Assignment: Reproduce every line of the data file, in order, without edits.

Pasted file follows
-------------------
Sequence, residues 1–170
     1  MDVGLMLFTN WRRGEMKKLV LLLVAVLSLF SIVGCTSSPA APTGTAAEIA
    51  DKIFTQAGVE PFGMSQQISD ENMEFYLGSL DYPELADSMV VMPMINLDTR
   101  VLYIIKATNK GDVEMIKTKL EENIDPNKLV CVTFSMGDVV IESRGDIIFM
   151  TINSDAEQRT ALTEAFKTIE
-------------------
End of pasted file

Sequence, residues 1–170
     1  MDVGLMLFTN WRRGEMKKLV LLLVAVLSLF SIVGCTSSPA APTGTAAEIA
    51  DKIFTQAGVE PFGMSQQISD ENMEFYLGSL DYPELADSMV VMPMINLDTR
   101  VLYIIKATNK GDVEMIKTKL EENIDPNKLV CVTFSMGDVV IESRGDIIFM
   151  TINSDAEQRT ALTEAFKTIE